Doctor Dolittle follows the “impossible” man who understands animals better than people so with the help of his parrot Polynesia, learns their languages to help cure all their ailments.
Lots of different things opening across the country in March. In London there are a lot of Fringe and Off West End productions coming your way.
Much of my ‘touring’ has been concentrated in Bristol and Chichester; there are a few other UK venues to add to the list, as well as some from my week in New York, of course.
This production’s look is over-the-top and blatantly kitsch – the sorority house screams Polly Pocket whilst the looming bookcases of Harvard have a distinct faux-Harry Potter feel.
Lucie Jones is exquisite as Elle, seamlessly blending nods to Reese Witherspoon’s film portrayal with her own flavour. This Elle comes with a level of self-awareness and sass that makes her truly memorable.
‘Son of a Preacher Man’- we all know the Dusty Springfield classic, but in an age of social media communication and online dating it’s easy to forget the sentiment and soul of the swinging sixties.
Green Day’s concept punk album explored something that teenagers around the world have been doing forever – questioning societal constructs and their own purpose in life, and feeling as though they are the only person in to experience this existential crisis. But, with a large focus on the post-2001 world, the 2004 release of American Idiot went even further, by ramping up the rage and frustration and channeling this into a highly charged and chaotic collection of thoughts and guitars.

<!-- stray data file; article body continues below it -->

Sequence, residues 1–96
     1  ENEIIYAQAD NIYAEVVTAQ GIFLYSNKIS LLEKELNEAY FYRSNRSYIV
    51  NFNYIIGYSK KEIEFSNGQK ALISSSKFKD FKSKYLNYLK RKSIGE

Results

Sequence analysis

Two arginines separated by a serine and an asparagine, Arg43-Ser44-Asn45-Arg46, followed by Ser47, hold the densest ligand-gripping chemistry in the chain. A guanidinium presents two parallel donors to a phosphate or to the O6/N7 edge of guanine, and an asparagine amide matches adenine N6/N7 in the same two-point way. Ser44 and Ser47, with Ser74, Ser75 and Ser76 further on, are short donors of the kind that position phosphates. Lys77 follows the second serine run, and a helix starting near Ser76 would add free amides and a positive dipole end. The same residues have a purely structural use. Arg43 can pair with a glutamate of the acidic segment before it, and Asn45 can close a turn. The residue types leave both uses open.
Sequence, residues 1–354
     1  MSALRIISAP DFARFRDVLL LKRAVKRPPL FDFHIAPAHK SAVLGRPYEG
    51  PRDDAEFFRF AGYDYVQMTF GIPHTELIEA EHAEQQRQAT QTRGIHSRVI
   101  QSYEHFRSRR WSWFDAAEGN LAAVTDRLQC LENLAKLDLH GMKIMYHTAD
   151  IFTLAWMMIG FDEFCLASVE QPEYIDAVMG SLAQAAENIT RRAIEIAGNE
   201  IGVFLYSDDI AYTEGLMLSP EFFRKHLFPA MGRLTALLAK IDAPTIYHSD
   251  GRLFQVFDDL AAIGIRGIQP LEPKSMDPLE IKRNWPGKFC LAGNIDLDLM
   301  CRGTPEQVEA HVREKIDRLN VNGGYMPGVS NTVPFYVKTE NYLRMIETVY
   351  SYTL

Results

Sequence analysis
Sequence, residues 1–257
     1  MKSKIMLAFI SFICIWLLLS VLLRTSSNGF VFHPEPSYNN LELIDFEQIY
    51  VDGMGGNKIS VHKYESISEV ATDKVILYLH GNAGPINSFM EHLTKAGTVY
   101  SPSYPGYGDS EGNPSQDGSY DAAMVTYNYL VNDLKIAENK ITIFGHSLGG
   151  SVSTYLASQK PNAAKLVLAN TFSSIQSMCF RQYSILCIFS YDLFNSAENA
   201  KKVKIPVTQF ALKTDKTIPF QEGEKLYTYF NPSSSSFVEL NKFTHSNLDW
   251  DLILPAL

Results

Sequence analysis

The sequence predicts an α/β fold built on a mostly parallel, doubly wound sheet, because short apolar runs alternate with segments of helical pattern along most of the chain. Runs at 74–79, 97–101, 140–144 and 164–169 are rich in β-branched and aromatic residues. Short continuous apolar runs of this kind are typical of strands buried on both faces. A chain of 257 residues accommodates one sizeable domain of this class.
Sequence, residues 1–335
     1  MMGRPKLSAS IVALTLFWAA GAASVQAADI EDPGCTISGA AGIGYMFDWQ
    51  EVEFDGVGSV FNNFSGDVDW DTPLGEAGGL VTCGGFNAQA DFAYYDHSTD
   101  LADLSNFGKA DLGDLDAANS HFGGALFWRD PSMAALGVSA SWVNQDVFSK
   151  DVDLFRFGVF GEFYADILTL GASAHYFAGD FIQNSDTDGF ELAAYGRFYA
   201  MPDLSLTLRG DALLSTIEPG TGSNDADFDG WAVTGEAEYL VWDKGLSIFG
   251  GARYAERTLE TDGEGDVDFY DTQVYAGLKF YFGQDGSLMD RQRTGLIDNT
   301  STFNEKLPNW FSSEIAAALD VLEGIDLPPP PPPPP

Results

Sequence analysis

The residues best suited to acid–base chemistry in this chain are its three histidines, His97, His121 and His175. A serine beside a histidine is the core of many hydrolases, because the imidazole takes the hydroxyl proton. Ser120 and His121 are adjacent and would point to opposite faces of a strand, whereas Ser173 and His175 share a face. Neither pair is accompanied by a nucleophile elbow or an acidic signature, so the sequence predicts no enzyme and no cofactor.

It’s a neat conceit – turning a long defunct magazine brand, synonymous with the childhood of girls of the 70s into a night to remember for those very same girls, now of course women.
The Churchill’s curtain rises, revealing a crashed plane in a jungle-esque setting. To a deeply reverberating score plied with ominous overtones, the stage is set for this darkest of tales.
Lord of the Flies, studied at schools across the country, is one of the great British novels.
A technicolour spectacle is promised by the cast and crew of Joseph and it is duly delivered – to rapturous applause. Telling the classic Old Testament story of the favourite of Jacob’s 12 sons cruelly cast out in a fraternal coup, at the heart of the dark tale is a celebration of hope and dreams.
Let It Be, kicking off its tour in Bromley this week, serves as a remarkable reminder of The Beatles’ story. Tracing the band’s beginnings in The Cavern club in Liverpool, it follows the soon to be named Fab Four on their fast track to greatness, hurtling to London and America and on to packed stadium tours, taking the audience with them on this journey.
Pleasing on the eye and ear, this 1930s Noël Coward script is brought to life for 2016 by director Tom Attenborough and a cast of five. Telling the story of two newly married divorcees who find themselves honeymooning in conjoining suites, the play follows Elyot and Amanda as they differentiate between love and marriage and perception and reality – both with each other and their new partners.
The arrival of Christmas in Bromley is well and truly heralded by the opening of Aladdin at the Churchill Theatre.
Starring Scott Maslen as the villain Abanazar, Jess Robinson as Slave of the Ring and Bobby Crush as Widow Twankey, Aladdin is a glittering and fast-paced extravaganza, providing a memorable retelling of the classic story.
Puttin’ On The Ritz – which promises to take the audience back to the ‘golden age of Hollywood’ – has the potential to be a hit show. Billed as a ‘song and dance extravaganza’, it plays to the country’s fascination with ballroom dancing (as demonstrated by Strictly Come Dancing) and with the musical genius of George Gershwin, Irving Berlin and Cole Porter, whose hits caused many audience members to sing along.